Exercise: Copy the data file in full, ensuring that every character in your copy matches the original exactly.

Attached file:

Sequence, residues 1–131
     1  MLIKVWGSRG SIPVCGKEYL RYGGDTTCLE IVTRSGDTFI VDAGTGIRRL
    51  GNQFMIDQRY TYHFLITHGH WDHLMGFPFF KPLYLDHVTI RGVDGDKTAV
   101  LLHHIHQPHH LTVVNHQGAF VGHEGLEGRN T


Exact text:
Sequence, residues 1–131
     1  MLIKVWGSRG SIPVCGKEYL RYGGDTTCLE IVTRSGDTFI VDAGTGIRRL
    51  GNQFMIDQRY TYHFLITHGH WDHLMGFPFF KPLYLDHVTI RGVDGDKTAV
   101  LLHHIHQPHH LTVVNHQGAF VGHEGLEGRN T